University is a daunting experience for many people; leaving
behind your support network of family, friends and familiar
surroundings is a big deal. Of course, in most cases, the pressure
subsides once you've hit the Student Union and discovered the best
clubbing spots. However, there are a few among us who will find it
harder than others.
When all of my gay friends went off to university, they had a
fantastic time. It may be because they were lucky enough to go to
universities that had well-established 'gay scenes' that were
easily accessible, and LGBT committees that were recognised within
the university. This made their transition from home life to uni
life a whole lot easier, as they found like-minded people who they
could identify with. This is not always the case though. Some
smaller universities struggle to have a LGBT group that is
committed to engaging all students and staff in LGBT matters and
social events, and supported by the university in its aim.
I have always enjoyed university life, but I have the advantage
(or disadvantage sometimes) of commuting to university and studying
part-time, meaning I still have a thriving social life in my
hometown. The only problem with that though is that I have not
fully immersed myself in uni life and, not living in the area,
haven't always been able to make social events.
I'm just about to start my second year of study and I thought
now would be a good time to see what societies and clubs there are
on offer to me. Today I attended an LGBT Network Lunch meeting at
my university. I'm not entirely sure what I thought this would
entail but it was the free lunch that swayed me. We had a guest
speaker from a larger university come and talk about the Staff
Network they had set up and how this had pushed forward LGBT groups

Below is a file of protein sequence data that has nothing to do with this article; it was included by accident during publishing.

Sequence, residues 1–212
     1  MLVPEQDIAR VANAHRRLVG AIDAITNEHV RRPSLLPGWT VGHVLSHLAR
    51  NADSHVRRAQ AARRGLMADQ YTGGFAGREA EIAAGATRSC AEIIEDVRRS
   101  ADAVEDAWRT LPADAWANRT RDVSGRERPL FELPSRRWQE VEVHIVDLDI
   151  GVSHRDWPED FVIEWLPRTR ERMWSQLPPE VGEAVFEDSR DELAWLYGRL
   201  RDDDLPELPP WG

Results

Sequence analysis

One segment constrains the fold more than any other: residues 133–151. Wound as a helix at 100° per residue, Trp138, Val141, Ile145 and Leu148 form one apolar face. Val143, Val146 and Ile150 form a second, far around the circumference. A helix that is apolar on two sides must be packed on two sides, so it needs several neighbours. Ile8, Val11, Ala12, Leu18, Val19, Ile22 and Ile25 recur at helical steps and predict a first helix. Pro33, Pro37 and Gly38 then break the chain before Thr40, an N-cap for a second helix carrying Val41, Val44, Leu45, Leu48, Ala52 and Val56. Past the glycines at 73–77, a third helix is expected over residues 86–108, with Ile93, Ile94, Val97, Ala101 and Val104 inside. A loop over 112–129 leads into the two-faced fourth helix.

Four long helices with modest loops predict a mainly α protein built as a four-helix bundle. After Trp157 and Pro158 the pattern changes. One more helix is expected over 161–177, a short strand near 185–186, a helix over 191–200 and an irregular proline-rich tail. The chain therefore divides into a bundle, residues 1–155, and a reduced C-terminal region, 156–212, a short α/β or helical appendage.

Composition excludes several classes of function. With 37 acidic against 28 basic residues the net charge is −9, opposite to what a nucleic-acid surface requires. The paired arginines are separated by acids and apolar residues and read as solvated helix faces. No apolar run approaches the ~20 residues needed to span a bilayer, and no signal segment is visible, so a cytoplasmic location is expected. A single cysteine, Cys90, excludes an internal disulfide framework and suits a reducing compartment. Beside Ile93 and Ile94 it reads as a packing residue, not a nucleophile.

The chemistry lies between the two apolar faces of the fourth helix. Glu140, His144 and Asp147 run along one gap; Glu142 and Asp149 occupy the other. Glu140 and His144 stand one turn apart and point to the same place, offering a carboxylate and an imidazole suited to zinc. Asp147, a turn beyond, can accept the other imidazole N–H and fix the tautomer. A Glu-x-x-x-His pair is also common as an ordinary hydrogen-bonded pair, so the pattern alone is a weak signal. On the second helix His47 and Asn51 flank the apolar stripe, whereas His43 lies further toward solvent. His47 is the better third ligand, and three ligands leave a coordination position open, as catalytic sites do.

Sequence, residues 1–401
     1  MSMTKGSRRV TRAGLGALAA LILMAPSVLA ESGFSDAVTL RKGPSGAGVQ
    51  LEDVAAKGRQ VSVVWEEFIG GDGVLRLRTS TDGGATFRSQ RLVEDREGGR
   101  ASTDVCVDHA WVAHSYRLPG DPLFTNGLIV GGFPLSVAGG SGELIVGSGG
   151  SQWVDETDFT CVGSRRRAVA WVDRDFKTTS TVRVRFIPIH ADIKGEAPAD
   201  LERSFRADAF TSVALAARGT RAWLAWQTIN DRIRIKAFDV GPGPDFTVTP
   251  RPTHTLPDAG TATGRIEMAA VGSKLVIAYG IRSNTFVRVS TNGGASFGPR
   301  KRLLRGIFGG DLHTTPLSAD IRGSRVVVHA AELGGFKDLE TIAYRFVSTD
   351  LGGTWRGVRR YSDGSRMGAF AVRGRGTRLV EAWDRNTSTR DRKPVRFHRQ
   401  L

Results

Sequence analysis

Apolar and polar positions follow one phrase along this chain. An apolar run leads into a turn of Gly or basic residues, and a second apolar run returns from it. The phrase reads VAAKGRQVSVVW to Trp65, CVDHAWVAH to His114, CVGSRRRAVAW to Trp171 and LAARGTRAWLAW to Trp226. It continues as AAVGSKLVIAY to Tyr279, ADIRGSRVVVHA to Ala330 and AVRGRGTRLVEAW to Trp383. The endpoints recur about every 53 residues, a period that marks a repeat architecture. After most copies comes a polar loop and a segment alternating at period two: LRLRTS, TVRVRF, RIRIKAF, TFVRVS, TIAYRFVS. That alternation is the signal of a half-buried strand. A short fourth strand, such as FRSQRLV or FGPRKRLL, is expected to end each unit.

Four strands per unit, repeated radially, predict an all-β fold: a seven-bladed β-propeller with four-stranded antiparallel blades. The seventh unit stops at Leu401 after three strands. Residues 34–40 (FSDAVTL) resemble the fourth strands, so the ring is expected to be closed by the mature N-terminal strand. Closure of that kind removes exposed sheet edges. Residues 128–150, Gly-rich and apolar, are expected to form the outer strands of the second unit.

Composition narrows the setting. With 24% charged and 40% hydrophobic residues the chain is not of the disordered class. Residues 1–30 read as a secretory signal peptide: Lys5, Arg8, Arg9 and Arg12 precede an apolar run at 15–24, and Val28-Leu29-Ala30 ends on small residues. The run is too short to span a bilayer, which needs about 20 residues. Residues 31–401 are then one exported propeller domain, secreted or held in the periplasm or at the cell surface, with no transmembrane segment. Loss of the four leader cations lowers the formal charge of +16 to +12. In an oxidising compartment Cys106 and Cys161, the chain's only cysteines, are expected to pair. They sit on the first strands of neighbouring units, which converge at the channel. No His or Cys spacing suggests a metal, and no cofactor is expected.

and the general visibility of 'gay issues'.
The talk was really interesting and highlighted some ideas that
our university could put into practice. However, the problems
started when a "round the table" discussion began. There were less
than ten students at the meeting, as well as nine staff, the guest
speaker and two post-grad students who currently led the student
Pride and LGBT committee. This was the first problem; the group was
too small. Information of this event had been sent to everyone in
the university and only ten students had turned up. Secondly, it
soon became apparent that the students and the teachers were not
working in partnership with each other. A majority of the teachers
there didn't even know that the university had an annual Pride
event and the teachers did not have a network between themselves.
Thirdly, there was no funding for the LGBT committee and everything
was being run out of the student's own bank accounts. Although one
committee member said they had once been offered £20 for crisps for
an event, so thank heavens for small mercies. It was also revealed
that current Head and Vice of the LGBT committee would not be
keeping their posts past Christmas and there was, currently, no one
to take over.
So, we were small, under-recognised, under-funded and maybe
without a committee past December. This in itself was bad enough,
but the icing on the cake came when the topic of LGBT History Month
came up. There needed to be some volunteers to lead the event, come
up with talks/discussions and generally be on hand for ideas… But
none of us volunteered. There was a complete silence over the
group. It seemed none of us were interested in our LGBT past. We
were definitely in a dilemma.
This is just an example of what can happen though - don't assume
your university will be the same. The set-up at mine makes it hard
for any advertising around the campus to take place and this
inevitably leads to a lack of recognition. If you are about to
start a new degree or you are a returning student, I would urge you
to go to any LGBT Networking meeting your campus may have. A lot of
universities have good networks and work in partnership with other
education forums, as well as local communities groups to provide a
rich programme of LGBT activities, social events and, more
importantly, a support network.
My advice is this; don't let your society die. Mine is in crisis
and, without the work of some very committed and energised people,
it will continue to go under. University is a place where you
should be able to express yourself and get involved with as many
different and diverse activities, people and places as possible.
But, if LGBT groups are not visible, where does that leave those
among us who need a little extra support?
For information about NUS LGBT campaigns click